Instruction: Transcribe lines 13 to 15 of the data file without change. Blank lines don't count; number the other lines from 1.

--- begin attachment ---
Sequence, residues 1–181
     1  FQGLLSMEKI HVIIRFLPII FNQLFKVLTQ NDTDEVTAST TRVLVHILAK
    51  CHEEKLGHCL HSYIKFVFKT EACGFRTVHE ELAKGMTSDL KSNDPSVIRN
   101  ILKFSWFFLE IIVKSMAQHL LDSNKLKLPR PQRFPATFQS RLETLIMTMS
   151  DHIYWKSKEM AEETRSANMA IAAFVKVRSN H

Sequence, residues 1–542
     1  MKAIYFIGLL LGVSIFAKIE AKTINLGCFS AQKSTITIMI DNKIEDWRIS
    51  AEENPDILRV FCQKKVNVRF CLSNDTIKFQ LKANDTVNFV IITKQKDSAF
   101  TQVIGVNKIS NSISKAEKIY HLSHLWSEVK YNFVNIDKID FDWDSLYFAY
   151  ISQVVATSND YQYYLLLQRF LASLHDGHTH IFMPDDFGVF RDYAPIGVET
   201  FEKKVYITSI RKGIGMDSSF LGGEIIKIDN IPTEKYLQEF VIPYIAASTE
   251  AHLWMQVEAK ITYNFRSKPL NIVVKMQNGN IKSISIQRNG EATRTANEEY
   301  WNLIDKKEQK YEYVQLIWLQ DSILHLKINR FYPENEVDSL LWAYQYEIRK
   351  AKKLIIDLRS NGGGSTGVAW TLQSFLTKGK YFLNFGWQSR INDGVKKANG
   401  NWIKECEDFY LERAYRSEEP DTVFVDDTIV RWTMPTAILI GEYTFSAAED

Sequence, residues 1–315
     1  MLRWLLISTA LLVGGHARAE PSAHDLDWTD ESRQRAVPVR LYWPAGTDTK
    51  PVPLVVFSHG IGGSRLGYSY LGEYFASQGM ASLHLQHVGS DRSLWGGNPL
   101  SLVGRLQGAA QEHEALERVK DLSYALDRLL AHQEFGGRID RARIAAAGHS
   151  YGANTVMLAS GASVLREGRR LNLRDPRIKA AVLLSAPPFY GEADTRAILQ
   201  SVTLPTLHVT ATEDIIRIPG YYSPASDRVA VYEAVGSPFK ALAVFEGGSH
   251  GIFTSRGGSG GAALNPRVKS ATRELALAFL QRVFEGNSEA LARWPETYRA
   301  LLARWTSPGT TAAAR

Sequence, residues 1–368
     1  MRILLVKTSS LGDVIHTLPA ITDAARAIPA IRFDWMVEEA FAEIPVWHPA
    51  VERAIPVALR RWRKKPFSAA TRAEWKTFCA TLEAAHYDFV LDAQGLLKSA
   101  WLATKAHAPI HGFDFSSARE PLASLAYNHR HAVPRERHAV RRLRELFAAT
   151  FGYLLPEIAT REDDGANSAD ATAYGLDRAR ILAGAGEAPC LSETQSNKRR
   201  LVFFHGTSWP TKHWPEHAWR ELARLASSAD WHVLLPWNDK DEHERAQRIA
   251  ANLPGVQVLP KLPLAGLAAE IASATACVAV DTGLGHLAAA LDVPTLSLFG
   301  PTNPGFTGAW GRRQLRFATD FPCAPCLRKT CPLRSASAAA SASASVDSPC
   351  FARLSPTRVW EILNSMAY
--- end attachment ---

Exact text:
   301  WNLIDKKEQK YEYVQLIWLQ DSILHLKINR FYPENEVDSL LWAYQYEIRK
   351  AKKLIIDLRS NGGGSTGVAW TLQSFLTKGK YFLNFGWQSR INDGVKKANG
   401  NWIKECEDFY LERAYRSEEP DTVFVDDTIV RWTMPTAILI GEYTFSAAED